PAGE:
Working in therapeutic wilderness programs is a natural fit for Lynn as it combines his enthusiasm for outdoor recreation, passion for personal growth and graduate training in social work. Lynn’s specialty is using the wilderness to promote insight, motivation and change in adolescents. Lynn has worked with adolescents in many therapeutic settings, including residential treatment centers, therapeutic boarding schools, group homes and an outpatient substance abuse counseling clinics. Lynn started his career in wilderness therapy as a field instructor in 1994 for Aspen Achievement Academy. He later joined a multi-site wilderness therapy program where he trained new staff, mentored senior field instructors and served as a wilderness therapist.

In addition to earning a bachelor’s degree and master’s degree in clinical social work at the University of Utah, Lynn also completed a one year substance abuse treatment certificate program. This training included an internship as a substance abuse counselor in a program that served inmates in the Utah state prison system. Substance abuse and dependence continue to be a focus of Lynn’s clinical practice and he believes the wilderness is an ideal setting to start the course of recovery.

While in graduate school he completed an advanced practicum working with children diagnosed with autism spectrum disorder, and an additional practicum at the Veteran’s Hospital. In this setting, Lynn worked with veterans suffering from a wide variety of mental health issues. His most rewarding experience at the hospital was co-facilitating a therapy group for WWII veterans suffering from post traumatic stress disorder. Lynn has been able to use these experiences to identify and work with mild developmental disorders and to work effectively with young men who have experienced trauma.

Lynn is originally from Lodi, California and grew up playing in the Sierra Nevada Mountains. He spends much of his free time enjoying the mountains and deserts of Utah. He has spent the past 8 winters teaching and coaching snowboarding at Snowbird and currently coaches part-time for the Snowbird competition snowboard team. He also enjoys biking, rock climbing, mountaineering, fishing, scuba diving, backpacking and traveling. He is currently training for his second LOTOJA double century bike race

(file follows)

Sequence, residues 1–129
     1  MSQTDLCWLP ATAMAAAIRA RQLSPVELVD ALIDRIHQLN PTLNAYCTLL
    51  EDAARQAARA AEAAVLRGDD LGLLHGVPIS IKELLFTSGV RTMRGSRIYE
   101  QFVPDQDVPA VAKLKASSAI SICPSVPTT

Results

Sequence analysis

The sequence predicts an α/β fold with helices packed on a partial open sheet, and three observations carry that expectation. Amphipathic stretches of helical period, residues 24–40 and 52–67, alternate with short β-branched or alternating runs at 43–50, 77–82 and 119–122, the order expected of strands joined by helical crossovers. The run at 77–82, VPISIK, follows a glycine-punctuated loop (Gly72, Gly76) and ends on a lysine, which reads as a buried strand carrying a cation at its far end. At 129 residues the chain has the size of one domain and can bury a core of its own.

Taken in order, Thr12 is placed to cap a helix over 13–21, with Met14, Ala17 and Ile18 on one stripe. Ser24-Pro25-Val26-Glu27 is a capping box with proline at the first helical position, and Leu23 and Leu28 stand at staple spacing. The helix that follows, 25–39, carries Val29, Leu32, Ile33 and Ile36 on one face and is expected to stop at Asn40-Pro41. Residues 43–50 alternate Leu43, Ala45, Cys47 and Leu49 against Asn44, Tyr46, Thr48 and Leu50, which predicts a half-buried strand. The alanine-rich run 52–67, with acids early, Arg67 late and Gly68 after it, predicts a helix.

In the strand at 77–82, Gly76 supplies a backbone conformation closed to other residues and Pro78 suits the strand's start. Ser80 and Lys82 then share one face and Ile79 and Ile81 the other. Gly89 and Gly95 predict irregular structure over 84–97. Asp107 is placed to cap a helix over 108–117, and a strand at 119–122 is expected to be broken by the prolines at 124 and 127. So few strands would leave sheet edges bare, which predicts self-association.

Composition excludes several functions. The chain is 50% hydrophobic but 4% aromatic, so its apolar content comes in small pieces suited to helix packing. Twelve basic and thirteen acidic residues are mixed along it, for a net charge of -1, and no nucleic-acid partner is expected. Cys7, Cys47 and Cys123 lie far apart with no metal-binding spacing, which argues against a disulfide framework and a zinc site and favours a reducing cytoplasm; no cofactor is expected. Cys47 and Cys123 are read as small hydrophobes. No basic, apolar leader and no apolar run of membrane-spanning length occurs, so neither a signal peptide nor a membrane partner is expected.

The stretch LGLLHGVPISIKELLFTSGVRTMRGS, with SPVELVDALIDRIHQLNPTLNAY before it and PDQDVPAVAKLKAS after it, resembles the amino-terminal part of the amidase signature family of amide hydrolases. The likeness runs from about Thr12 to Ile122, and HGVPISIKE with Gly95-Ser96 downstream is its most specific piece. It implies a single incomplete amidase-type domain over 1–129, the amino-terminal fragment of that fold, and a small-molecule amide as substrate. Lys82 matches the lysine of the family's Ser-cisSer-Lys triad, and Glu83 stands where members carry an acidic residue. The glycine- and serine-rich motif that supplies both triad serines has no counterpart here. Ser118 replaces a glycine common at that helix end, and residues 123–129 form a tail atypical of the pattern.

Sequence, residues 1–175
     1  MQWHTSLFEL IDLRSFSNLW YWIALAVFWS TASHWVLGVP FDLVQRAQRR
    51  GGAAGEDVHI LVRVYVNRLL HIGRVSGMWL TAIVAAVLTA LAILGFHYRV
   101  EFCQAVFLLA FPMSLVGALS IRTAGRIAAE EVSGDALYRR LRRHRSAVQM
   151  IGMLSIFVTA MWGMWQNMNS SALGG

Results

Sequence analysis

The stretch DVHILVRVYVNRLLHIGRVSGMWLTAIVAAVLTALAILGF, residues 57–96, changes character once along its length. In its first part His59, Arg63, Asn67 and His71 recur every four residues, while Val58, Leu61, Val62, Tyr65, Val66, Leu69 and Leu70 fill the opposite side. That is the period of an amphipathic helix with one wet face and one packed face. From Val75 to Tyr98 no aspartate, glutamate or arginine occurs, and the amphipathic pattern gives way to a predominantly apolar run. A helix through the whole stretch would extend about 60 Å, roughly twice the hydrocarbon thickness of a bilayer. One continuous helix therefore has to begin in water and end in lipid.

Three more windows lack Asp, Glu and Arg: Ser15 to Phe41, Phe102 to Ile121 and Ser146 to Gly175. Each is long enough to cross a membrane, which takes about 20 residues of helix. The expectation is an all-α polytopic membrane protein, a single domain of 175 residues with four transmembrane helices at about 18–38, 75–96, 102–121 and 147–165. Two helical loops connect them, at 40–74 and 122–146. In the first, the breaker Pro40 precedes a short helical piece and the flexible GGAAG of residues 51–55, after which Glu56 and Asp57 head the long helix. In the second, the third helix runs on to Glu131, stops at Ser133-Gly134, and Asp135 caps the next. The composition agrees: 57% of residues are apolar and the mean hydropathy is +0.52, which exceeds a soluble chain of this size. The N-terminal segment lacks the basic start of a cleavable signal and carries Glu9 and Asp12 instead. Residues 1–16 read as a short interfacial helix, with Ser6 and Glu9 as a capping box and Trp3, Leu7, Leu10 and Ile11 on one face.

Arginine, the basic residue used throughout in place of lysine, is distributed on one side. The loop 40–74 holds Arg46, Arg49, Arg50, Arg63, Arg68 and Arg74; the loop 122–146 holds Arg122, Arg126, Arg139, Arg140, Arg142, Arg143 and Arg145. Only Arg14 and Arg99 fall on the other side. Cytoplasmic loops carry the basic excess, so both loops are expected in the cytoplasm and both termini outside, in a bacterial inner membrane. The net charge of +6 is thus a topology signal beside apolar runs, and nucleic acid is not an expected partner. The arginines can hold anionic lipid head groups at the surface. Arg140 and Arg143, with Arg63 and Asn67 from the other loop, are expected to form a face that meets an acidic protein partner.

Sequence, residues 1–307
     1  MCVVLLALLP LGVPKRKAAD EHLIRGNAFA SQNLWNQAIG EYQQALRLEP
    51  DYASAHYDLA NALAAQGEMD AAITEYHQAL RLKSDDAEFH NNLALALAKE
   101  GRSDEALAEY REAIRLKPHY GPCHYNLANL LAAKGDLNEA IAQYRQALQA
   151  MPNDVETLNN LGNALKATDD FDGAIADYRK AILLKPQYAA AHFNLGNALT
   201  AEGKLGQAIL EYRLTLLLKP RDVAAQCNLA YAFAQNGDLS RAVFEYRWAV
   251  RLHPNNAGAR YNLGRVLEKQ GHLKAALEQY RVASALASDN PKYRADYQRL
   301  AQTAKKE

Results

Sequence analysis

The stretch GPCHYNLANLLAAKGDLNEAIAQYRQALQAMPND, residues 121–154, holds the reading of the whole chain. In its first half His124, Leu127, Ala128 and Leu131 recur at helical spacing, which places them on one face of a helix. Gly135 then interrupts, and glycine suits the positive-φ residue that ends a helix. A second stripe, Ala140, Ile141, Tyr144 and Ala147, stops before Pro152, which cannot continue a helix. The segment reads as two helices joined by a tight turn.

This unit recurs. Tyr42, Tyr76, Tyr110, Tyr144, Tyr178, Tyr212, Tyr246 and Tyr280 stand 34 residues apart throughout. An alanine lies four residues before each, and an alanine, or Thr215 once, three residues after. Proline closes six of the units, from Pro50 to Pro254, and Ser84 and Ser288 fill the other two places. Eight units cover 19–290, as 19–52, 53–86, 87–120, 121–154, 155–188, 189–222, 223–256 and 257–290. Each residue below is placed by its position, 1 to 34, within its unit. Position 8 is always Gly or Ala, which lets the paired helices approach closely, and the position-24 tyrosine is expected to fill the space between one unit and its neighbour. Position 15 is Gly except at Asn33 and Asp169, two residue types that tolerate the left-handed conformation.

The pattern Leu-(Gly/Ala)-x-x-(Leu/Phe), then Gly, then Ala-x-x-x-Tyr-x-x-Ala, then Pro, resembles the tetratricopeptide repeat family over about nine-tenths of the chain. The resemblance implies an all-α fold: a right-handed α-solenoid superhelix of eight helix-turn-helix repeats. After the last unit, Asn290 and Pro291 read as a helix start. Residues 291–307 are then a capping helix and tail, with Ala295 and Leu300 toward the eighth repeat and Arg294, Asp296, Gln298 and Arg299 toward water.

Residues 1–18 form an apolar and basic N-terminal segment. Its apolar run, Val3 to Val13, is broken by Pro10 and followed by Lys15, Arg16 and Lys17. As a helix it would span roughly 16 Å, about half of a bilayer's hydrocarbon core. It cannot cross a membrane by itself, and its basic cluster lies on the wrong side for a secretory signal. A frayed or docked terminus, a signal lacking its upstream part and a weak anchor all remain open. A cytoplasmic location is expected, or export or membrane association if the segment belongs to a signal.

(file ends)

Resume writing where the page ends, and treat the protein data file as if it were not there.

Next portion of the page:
Under the direction of Karen Hesselman, our field team is responsible for experiential learning and for creating a safe, highly therapeutic milieu that supports each young man’s treatment plan. Field mentors create deep bonds with our students and create a life-changing, highly challenging and fun wilderness experience.

Todd Merrill
Field Director

Todd is originally from North Carolina where he attended Appalachian State University. There he completed studies in Outdoor Education as well as Psychology, learning from positive mentors. In the mountains of North Carolina, Todd developed an appreciation for the learning potential that exists in both a wilderness and adventure context. Since graduating ASU in 2000, Todd has gained valuable experience that has driven his passion to continually develop within this industry.
Some of what has shaped Todd's experiences can be attributed to working with some amazing people in a variety of settings. He has been challenged to grow and develop in roles like: a therapeutic wilderness mentor, outdoor educator, ski patrolman, snowboard instructor, river rafting guide, WFR/WFA instructor, climbing guide, swift-water rescue instructor, as well as a student of the outdoors. His latest area of development is focused on creating thoughtful facilitation of adventure based wilderness experiences.
Todd is joining Elements with a diverse background in facilitating wilderness/adventure based therapeutic experiences for youth and young adults. He has had the pleasure of working with many talented companies in amazing places across the U.S. some of those include: Second Nature (UT, GA, OR), Dragonfly Transitions (OR), Landmark Learning (NC), Three Rivers Montana (MT), SOLO Wilderness Medicine (Southeast), and Aspiro Adventures (UT). Todd has enjoyed the learning process of working with passionate people in awe inspiring landscapes, and has enjoyed combining his experiences with a successful program like Elements!

John Elliott
Shift Lead

John is originally from Rochester, NY where he spent much of his childhood and teenage years exploring the Finger Lakes Region, Adirondacks, and Thousand Island areas. John attended The State University of New York at Oneonta receiving a bachelors degree in Music Industry in August of 2008. He was also president of the mountain biking club at Oneonta and spent much of his time, riding, and advocating mountain biking through teaching, riding and community service. Being able to work outdoors was one of the most important aspects John sought after to pursue a career. John has been with Elements since September 2008. He feels wilderness really allows a person to see past many soci

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801 505-8481